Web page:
NCMPAI cites to In re American Express Financial Advisors Securities Litigation, 672 F.3d 113 (2d Cir. 2011), holding that district courts may enjoin an arbitration when a valid and binding agreement to arbitrate is absent. Id. at 141. NCMPAI claims that the court's use of the phrase "within its jurisdiction" prohibits a court from enjoining arbitrations outside of its own district. See Def.'s Mot. to Dismiss at 10 (quoting In re Am. Express, 672 F.3d at 141). Yet nothing in the decision limits a district court's authority. It is equally likely that the teen "jurisdiction" related TO personal jurisdiction, which, if absent, prevents a court from enjoining a defendant's conduct in other districts. See Transcript of Oral Argument at 57:15-58:4, Citigroup Global Mkts., Inc., No. 13 CV 1703, ECF No. 30; of Califano, 442 U.S. at 705 ("Absent the clearest command to the contrary from Congress, federal courts retain their equitable power to issue injunctions in suits over which they have [personal] jurisdiction."). Furthermore, the Second Circuit neither relied on § 4 directly nor suggested that it limits a court's ability to stay arbitration. Instead, the court merely confirmed that a court may stay arbitration without violating the FAA.

NCMPAI also clams that application of the same standard for motions to compel arbitration and to enjoin it is necessary to promote three policy goals. First, according to NCMPAI, restricting injunctions to the district in which the arbitration was brought would "eliminate the expense and delay of extended court proceedings" and "streamline judicial proceedings" prior to arbitration. See Def.'s Mot. to Dismiss at 8, 12. This saves no time, however, because, by NCMPAI's own admission, it is only implicated after a court has decided that arbitration is proper. Second, NCMPAI argues that its position would prevent forum shopping, the potential for which is "particularly acute where, as here, the substantive law of arbitrability differs in the two districts." See Def.'s Mot. to Dismiss at 12-14. But who is forum shopping? NCMPAI's sole purpose in moving for dismissal or transfer is to arbitrate and/or litigate in the presumptively more favorable forum of the Eastern District of North Carolina. In situations like the present case, venue is proper where the arbitration is held or where the parties specified in the forum selection clause. Although this may lead to minimal foam shopping, this policy goal alone does not compel a different result. Third, NCMPAI claims that allowing a district court to enjoin arbitrations outside its district would "encourage duplicative litigation" because a plaintiff could ignore an unfavorable ruling and then force the opposing party to move to compel in the district where arbitration would occur. Id. at 13-14. Yet where a party seeks to enjoin an ongoing arbitration, as here, this risk cannot materialize. As a result, NCMPAI's policy concerns must be rejected.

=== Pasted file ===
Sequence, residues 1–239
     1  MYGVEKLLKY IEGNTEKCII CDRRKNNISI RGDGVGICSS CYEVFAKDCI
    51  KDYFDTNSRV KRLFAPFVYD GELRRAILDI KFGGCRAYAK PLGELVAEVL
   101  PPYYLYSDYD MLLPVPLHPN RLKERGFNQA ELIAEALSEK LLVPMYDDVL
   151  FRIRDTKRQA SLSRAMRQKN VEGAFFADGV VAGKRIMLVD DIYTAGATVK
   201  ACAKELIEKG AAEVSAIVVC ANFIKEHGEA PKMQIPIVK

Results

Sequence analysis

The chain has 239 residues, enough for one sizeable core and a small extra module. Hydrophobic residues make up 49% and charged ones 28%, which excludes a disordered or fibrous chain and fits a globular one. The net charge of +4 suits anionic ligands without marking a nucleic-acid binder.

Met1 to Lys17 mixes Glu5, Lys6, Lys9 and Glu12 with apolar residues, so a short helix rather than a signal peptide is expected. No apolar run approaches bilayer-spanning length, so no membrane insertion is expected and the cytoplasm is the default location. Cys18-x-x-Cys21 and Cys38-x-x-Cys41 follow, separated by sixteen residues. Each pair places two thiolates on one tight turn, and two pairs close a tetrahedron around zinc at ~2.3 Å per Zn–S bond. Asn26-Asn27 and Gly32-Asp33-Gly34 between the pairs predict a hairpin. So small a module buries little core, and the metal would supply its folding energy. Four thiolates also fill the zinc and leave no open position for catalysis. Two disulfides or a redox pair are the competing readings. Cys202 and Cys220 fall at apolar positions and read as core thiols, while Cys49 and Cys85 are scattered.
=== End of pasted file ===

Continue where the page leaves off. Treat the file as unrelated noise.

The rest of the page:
Accordingly, this Court holds that FAA § 4 does not limit a district court's ability to enjoin an arbitration outside of its district. Without a "clear[ command from Congress" otherwise, see Califano, 442 U.S. at 705, this Court may enjoin the FINRA Arbitration, if Goldman establishes that the Forum Selection Clause waived NCMPAI's right to arbitration and that the present dispute falls within the scope of that clause.

2. The Forum Selection Clause in the Broker-Dealer Agreement Superseded the Arbitration Agreement

This Court now considers whether NCMPAI and Goldman waived the right to arbitration under FINRA Rule 12200 by signing the Broker-Dealer Agreement. If an agreement neither "specifically precludes" nor provides "positive assurance" that a dispute is no longer subject to arbitration, then the agreement must be read as maintaining the right to arbitrate. See Applied Energetics, Inc. v. NewOak Capital Alas., LLC, 645 F.3d 522, 525 (2d Cir. 2011); Bank Julius Baer & Co., Ltd. v. Waxfield Ltd., 424 F.3d 278, 284 (2d Cir. 2005). For example, in Bank Julius Baer, the Second Circuit held that a broad agreement to arbitrate was not overridden by a later-executed, non-exclusive forum selection clause because the clause did not mention arbitration and could be road as waiving objection to "jurisdiction" in New York over ancillary proceedings. 424 F.3d at 282. Alternatively, in Applied Energetics, the Second Circuit held that the contracting parties specifically precluded arbitration by executing an agreement that "[a]ny dispute" between the parties "shall be adjudicated" in New York, even though the agreement did not explicitly mention arbitration. 645 F.3d at 525.